Hello Sunnyside Neighbors! My name is Lorraine Henriques, and I am the Secretary to the Board of the Sunnyside Neighborhood Association. I work as a Licensed Hearing Aid Specialist for HearingLife in Southeast Portland. I love my work; helping people hear better and improving communication between my patients and their loved ones is a privilege and an honor. For as long as I have been doing this work I have never been more challenged than I have been through this pandemic – to keep myself, my family and my patients safe is a serious responsibility I do not take lightly. I’d like to share with you some of the silver linings I have experienced in these challenging times.
I found out in late March I was the only Hearing Healthcare Provider who was seeing patients in Portland. I was very busy, but at the end of each day, I felt like I had played a part in relieving some of the stress people experienced.
My patients were grateful I was able to come to their vehicles and do “curbside” service on their hearing aids, dispense supplies or anything they needed. For those who ventured in, they found shields, barriers, spaced seating, and other precautions in place. But the enthusiasm for our services came front and center; people who had been resistant to getting help for their hearing realized how much they had been missing and how vital staying connected was for their happiness. Hearing is what keeps us truly connected to others. When those who have hearing loss cannot hear properly, they are truly isolated and cut off from their loved ones. The joy in a patient’s face when I give them their hearing aids back after service performed is priceless. The thanks I received from patients who heard well for the first time in many years was balm for my soul. People expressed appreciation that I was at work, and could help them.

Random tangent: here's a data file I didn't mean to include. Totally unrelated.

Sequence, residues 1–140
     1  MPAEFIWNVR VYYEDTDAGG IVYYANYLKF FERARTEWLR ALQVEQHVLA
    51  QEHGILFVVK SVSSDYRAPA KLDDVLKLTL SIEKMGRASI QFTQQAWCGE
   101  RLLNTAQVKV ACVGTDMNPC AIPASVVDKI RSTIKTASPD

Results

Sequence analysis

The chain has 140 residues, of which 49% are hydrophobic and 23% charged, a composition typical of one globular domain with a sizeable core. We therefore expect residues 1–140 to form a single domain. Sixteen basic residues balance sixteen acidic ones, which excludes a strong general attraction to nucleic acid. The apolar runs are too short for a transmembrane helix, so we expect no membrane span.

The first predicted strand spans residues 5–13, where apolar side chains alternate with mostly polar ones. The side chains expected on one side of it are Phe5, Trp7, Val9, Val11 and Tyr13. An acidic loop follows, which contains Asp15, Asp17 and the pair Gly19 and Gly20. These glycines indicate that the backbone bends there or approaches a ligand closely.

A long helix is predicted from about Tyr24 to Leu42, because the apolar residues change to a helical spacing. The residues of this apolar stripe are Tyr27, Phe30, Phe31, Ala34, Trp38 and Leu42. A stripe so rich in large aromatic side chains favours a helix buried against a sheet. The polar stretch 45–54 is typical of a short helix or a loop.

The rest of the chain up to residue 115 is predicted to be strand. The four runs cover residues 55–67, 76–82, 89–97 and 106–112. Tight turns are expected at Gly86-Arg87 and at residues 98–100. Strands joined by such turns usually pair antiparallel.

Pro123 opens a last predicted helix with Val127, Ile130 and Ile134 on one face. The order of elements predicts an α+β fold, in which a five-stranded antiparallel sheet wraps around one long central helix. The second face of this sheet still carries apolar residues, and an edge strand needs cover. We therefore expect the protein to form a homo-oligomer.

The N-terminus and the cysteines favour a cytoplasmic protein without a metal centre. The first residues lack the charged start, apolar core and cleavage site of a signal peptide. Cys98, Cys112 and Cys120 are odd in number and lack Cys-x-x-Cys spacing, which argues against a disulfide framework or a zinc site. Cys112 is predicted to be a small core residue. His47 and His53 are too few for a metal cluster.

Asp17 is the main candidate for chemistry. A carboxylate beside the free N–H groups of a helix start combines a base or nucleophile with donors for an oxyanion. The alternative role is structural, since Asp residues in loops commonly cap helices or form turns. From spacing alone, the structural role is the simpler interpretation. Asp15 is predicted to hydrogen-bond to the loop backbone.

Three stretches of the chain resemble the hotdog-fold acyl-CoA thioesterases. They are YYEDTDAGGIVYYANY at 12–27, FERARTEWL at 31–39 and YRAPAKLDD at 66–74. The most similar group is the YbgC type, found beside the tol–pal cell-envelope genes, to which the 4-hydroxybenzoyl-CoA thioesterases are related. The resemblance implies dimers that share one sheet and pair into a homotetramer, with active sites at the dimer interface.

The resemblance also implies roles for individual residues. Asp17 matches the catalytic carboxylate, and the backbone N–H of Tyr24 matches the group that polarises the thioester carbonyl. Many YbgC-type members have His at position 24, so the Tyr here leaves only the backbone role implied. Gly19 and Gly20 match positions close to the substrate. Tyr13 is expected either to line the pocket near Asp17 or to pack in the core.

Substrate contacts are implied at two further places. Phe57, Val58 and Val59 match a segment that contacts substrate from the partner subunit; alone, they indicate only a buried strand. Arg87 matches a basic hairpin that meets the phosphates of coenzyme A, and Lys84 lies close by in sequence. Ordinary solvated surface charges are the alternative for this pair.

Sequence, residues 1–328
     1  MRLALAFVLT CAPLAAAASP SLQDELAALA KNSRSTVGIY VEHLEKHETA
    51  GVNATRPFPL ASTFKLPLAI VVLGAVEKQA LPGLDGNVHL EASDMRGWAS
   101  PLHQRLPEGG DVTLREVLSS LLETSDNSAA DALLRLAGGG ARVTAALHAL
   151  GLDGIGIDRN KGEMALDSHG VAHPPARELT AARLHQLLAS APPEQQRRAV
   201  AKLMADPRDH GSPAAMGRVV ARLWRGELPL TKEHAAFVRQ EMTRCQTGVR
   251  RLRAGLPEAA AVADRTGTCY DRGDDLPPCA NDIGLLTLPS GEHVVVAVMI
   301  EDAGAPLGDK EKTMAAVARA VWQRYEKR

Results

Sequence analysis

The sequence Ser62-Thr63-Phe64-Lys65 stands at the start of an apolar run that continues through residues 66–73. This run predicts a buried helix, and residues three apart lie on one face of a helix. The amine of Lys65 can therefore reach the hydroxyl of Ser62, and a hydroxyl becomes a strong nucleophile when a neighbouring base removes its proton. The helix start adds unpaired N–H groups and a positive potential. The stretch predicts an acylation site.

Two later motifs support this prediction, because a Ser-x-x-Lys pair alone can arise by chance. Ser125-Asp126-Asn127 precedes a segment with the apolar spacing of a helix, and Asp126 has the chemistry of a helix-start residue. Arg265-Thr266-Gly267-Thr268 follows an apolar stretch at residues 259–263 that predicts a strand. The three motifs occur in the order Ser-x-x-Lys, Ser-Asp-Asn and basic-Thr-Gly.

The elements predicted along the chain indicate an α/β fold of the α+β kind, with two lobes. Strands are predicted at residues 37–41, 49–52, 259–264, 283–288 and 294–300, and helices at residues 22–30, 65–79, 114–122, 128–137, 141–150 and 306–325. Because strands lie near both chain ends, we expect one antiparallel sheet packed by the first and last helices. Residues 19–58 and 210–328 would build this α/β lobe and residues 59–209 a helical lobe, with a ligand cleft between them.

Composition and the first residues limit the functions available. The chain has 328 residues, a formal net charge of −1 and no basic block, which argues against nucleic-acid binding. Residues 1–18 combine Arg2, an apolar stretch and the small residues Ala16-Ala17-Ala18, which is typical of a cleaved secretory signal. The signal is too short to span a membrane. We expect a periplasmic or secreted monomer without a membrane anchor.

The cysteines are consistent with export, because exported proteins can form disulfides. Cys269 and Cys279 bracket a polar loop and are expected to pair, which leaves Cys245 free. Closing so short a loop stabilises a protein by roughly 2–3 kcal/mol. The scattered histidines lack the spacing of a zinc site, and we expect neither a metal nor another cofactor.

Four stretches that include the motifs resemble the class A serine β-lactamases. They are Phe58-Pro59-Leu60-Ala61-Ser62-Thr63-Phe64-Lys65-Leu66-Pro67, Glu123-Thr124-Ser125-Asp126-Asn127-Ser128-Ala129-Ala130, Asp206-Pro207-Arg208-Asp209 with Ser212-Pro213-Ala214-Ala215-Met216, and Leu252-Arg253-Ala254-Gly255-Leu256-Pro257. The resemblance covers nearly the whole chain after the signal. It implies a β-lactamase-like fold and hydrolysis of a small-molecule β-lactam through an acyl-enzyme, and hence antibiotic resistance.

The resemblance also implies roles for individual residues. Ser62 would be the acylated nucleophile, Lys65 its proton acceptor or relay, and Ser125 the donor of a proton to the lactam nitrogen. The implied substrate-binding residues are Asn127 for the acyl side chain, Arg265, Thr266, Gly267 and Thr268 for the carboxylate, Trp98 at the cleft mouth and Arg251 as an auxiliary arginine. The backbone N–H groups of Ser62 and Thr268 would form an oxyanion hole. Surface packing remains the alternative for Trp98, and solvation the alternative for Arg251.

To all the essential healthcare workers out there who worked through the pandemic, I am sure you feel how much you are needed and appreciated. I never realized quite how much I was needed or how “essential” my services were until this pandemic hit. It has brought a renewed sense of purpose to my profession. When we are all faced with fear and uncertainty, it is so healing to remember we are so important to one another, and we need to stay connected to one another. I’d love to hear your stories if you’d like to share them with me at firstname.lastname@example.org. Stay safe and well!
Archer comes to us from Fort Worth, Texas by way of the Oregon Dog Rescue in Tualatin (If you ever make it out to there please send my regards to Gretchen the Cat, their Chief Temperament Tester.) He is a Silver Labrador and about six months old in these photos. A resident of Taylor Street, he’s been enjoying walks in Laurelhurst Park, playing at the Mt. Tabor dog park and generally sniffing around the neighborhood. He’s been with us well over a month now, is full of energy and prides himself on his perfect situational awareness.
Prior to meeting Archer I’d never heard of a Silver Lab. The distinctive coat color from which they derive the name is the expression of a recessive trait carried by Chocolate Labs. Referred to as a “dilute” coat, the effect is seen when mutations in the gene encoding melanophilin cause atypical distribution of melanin-containing cells affecting the dog’s skin, hair, eyes, nose and mouth.